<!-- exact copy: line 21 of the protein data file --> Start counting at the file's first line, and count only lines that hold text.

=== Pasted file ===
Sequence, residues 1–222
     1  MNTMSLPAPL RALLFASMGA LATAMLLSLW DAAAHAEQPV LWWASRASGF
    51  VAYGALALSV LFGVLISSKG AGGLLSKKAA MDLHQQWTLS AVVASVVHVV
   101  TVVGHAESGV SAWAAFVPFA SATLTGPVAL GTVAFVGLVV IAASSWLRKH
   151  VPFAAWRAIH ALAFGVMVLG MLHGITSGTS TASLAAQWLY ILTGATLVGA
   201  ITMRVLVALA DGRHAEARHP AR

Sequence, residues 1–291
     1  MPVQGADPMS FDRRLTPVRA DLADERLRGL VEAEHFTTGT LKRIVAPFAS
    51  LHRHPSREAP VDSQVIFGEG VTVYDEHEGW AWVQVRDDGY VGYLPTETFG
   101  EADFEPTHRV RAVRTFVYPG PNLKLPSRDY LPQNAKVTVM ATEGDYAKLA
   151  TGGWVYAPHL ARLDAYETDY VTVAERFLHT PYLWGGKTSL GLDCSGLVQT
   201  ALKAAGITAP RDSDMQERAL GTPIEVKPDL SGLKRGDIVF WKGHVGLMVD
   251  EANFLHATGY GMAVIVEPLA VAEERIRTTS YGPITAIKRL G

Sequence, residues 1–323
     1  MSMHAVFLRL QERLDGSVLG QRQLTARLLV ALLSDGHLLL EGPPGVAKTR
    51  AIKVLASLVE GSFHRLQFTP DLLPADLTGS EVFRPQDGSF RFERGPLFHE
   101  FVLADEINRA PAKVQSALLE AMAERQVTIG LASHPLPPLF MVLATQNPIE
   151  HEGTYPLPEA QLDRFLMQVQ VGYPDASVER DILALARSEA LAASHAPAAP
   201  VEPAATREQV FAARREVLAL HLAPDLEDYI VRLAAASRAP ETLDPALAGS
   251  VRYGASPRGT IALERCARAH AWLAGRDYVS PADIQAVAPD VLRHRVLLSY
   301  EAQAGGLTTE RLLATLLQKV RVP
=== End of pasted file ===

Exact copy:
   301  EAQAGGLTTE RLLATLLQKV RVP